Derwin Gray teaches on Ephesians 1:5
Series: Summer Preaching Series 2014
Labels influence all of us; they give us an identity. For some of us those labels are on clothes. For others it’s what university or job you choose. Some of us even buy certain types of smart phones based on the label.
But today I want to talk about the labels we can’t see, but that impact how we view and experience God, ourselves, the people we’re in relationship with, the jobs we pursue, and how it impacts everything.
All of us, whether we’re followers of Jesus or not, have a life-destroying label called orphan. When you hear the term orphan you probably think of someone adopting a child from a foreign country. But what I’m talking about is the level of being a spiritual orphan.
Someone responded to one of my blogs a while back. They wrote, “Enough! I’ve been quiet about this topic long enough. I cannot, nor will I, hold it in anymore. When people like you call God Poppa or Daddy it can be extremely hurtful for people who’ve experienced abuse at the hands of their father. So in the future, when you use those words, know it can cause hurt.” They signed it, “Anonymous,” which is fitting, because when you don’t have a true poppa to love you unconditionally, to give you an identity, and to empower you for a mission and a purpose you feel anonymous.
So I responded this way, “Dear Anonymous, I have some father wounds too. I feel what you’re saying. In the gospels, as well as in Paul’s letters, Jesus and Paul both use the Aramaic word Abba to describe God the Father. The word Abba is equivalent to the English word poppa or daddy. The word picture is of a father reaching down for their child to lift them up and embrace them close to their chest.”
I’m forty-three. My daughter just graduated high school. I’m freaking out right now. I remember when she was born. I changed her diapers. I taught her how to ride a bike. I remember when she was little and learning how to first walk. She walked up to me, put her arms up and said, “Pappi.” If you haven’t noticed, I’m not Hispanic. But she would say it and I would just go, “Ah mija!” Then I would pick her up and hold her. I would relish that she was my daughter. The love I have for her is immense.
If a broken, busted up dude like me can love like that, imagine what a gloriously perfect Father can love like.
I finished my response to the anonymous letter and said, “Anonymous, I cannot and will not allow the pain of my past to destroy the happiness I experience today as knowing God as my Poppa.”
With my own life it took over twelve years of counseling to process through and identify some of the wounds and characteristics of being a spiritual orphan. I wrote about this in my book Limitless Life in chapter 4. Maybe you can relate.
Orphans feel anonymous.
Orphans don’t know who they are. My dad took off when I was about six. I grew up as a compulsive stutterer. I grew up in the worst house on Arbor Street on the Westside in San Antonio. I had to find an identity by what I did. But I was always anonymous. Who am I? Where am I from?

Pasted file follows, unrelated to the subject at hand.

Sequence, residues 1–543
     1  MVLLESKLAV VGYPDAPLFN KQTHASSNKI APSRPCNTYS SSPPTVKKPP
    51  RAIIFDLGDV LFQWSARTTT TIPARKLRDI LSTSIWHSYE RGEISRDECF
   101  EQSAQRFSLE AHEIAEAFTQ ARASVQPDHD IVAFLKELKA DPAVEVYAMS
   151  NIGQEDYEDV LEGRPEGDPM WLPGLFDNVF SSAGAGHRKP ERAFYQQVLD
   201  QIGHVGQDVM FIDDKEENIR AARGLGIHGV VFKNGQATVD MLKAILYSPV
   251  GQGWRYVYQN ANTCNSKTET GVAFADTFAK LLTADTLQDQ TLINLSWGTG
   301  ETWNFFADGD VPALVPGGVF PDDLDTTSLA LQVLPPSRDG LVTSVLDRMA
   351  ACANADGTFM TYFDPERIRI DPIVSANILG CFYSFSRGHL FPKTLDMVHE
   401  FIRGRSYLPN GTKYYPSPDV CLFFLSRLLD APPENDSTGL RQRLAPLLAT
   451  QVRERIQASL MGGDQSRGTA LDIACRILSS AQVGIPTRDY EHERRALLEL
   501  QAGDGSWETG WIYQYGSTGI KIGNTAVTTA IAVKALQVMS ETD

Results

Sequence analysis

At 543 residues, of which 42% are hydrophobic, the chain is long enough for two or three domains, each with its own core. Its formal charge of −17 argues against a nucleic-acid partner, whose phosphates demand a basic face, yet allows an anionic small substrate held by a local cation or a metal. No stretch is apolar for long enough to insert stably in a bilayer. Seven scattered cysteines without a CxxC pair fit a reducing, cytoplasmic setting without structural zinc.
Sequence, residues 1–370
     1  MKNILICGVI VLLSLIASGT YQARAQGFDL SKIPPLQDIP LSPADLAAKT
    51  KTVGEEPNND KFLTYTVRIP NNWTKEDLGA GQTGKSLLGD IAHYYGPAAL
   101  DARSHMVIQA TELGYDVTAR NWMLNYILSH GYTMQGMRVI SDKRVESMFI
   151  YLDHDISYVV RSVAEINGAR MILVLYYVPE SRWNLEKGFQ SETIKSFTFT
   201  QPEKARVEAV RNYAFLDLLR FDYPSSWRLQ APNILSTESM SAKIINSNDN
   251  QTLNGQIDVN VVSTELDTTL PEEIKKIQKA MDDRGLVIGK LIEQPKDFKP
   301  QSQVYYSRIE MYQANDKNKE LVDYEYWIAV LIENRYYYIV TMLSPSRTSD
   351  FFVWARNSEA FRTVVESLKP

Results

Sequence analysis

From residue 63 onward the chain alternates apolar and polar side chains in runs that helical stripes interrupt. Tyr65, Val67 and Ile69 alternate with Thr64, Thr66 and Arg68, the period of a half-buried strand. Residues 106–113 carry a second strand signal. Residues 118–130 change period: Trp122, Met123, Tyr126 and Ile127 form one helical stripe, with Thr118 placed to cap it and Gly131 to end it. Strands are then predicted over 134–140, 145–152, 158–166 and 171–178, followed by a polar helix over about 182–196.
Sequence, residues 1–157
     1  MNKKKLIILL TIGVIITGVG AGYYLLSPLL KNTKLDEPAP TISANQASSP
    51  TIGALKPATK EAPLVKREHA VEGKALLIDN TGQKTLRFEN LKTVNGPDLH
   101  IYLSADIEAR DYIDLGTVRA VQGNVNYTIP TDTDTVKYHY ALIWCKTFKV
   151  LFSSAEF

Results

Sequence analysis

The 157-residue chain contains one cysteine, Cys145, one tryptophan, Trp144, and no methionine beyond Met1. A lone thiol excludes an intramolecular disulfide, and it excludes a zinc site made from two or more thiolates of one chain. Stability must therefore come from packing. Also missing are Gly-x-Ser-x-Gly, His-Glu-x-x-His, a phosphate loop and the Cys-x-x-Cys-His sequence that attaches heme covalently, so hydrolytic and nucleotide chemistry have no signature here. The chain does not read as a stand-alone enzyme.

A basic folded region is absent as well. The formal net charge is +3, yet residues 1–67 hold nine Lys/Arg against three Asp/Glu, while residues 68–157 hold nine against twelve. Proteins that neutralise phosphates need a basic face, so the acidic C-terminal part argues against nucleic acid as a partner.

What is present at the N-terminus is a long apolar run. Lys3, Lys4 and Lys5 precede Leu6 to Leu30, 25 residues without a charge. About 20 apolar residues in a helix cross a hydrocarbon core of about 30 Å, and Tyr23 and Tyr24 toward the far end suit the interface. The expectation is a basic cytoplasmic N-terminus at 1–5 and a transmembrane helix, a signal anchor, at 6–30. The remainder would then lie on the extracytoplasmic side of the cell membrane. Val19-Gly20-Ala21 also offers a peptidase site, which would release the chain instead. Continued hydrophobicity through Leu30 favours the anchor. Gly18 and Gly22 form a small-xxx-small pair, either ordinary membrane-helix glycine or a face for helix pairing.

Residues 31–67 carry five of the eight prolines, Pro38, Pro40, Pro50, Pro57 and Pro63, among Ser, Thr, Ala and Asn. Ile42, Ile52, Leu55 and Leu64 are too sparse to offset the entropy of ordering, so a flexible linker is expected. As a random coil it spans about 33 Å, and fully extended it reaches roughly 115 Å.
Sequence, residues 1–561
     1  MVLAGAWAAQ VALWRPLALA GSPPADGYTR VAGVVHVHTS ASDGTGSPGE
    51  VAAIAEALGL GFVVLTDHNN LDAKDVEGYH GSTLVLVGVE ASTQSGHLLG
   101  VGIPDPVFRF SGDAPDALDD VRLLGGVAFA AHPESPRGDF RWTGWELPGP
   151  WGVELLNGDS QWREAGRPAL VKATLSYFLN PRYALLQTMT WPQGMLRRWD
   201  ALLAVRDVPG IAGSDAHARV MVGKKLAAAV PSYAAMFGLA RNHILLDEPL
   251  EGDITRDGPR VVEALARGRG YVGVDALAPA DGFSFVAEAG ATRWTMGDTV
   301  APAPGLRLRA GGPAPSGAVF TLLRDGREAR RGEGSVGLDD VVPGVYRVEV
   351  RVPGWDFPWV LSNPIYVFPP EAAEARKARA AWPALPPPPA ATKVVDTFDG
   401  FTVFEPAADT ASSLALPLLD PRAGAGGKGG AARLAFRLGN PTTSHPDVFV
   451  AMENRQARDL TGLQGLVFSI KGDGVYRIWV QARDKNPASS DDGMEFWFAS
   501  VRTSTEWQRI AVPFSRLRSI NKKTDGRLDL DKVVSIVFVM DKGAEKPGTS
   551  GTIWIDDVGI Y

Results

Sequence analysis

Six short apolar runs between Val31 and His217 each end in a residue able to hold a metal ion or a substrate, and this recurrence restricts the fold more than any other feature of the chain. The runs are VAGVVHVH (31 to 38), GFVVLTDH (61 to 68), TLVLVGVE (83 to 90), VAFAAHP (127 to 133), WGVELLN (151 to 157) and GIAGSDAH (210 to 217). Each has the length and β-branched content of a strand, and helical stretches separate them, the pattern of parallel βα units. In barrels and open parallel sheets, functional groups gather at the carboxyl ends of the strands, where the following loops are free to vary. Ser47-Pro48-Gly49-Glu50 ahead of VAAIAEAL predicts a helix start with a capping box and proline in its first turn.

Orphans feel abandoned.
At about age thirteen, I recognized people close to me would let me down and hurt me. So I decided to keep everybody at a distance so no one could hurt me ever again. That’s a sad way to live.
Actually, some of you right now are sabotaging your relationships. It’s not anybody else’s fault. It’s your fault for living in the pain of your past. If you don’t let Jesus deal with your past pain, your past pain will jack up your present relationships.
Orphans feel afraid.
I played in the NFL for several years, but there was always this fear of who am I going to be when I can’t play football anymore. It’s what gave me my identity. Everybody was just going to abandon me. Now, I have the honor of being the founding lead pastor of Transformation Church. In our first year we were the second fastest growing church in the United States. We’re building a brand new six million dollar building. We have a campus in a prison. We planted a church in Spain. But every weekend I get into the pulpit, there’s a voice that says, “They’re just going to leave you too.”
A pastor named Jack Frost once said, “Being a spiritual orphan causes us to live life as if we don’t have a safe and secure place in a father’s heart. We feel we have no place of affirmation, protection, comfort, belonging, or affection. Self oriented, lonely, and inwardly isolated, we have no one from whom to draw godly inheritance. Therefore, we have to strive, achieve, compete, and earn everything we get in life. This easily leads to a life of anxiety, fear, and frustration.” Maybe you can relate.
I grew up on the Westside of San Antonio, Texas. My mom was only seventeen when she had me and my dad was gone before I was even six. My mom had some issues so my grandmother primarily raised me. We weren’t a religious family. We never prayed together or attended church services. So at the age of thirteen I found my own religion. That religion was football.
In eighth grade my coach said, “Derwin, if you keep playing good, you can get a scholarship.” I said, “What kind of ship is a scholarship? Where does that take you?” He said, “No, no, no. There are colleges that will pay for your education and you’ll get to play football!” At that moment, I got a god.
A god is anything that gives you an identity, significance, and a mission. Football gave me an identity. I was a football player. Football gave me significance. I could be good. Football gave me a mission. I was going to college. I worshipped football.
I went to Converse Judson High School. We’ve been known to kick but for eons. I played for a great coach named D. W. Rutledge. We played Dallas Carter in the State Championship in 1988. At the end of my high school career, I basically had two primary offers, TCU and Brigham Young University. I went to BYU.
I went from San Antonio, growing up in a multi ethnic context to Provo, Utah. Not only was it white, but it was a Mormon whiteness, which is a different kind of whiteness. But going to BYU was a great thing for me. It’s hard to get in trouble in Provo. Ain’t no Sixth Street in Provo. They don’t sell alcohol. You have to plan and strategize to get in trouble in there. It is hard. But I was successful.
January 15, 1990, I was in a weight room and I see this young lady doing triceps extensions. I needed to meet her. Her name was Vicky and she was a javelin thrower on the track team. We’ve been together ever since.